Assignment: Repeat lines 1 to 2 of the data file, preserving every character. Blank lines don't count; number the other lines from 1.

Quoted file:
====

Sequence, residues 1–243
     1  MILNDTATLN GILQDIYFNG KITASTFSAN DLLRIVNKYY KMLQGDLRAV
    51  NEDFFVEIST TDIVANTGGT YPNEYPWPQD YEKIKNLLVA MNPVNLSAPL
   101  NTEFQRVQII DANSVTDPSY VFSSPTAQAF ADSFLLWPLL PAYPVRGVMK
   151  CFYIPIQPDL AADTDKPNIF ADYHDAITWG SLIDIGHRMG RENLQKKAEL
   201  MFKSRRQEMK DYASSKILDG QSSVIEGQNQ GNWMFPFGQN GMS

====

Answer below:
Sequence, residues 1–243
     1  MILNDTATLN GILQDIYFNG KITASTFSAN DLLRIVNKYY KMLQGDLRAV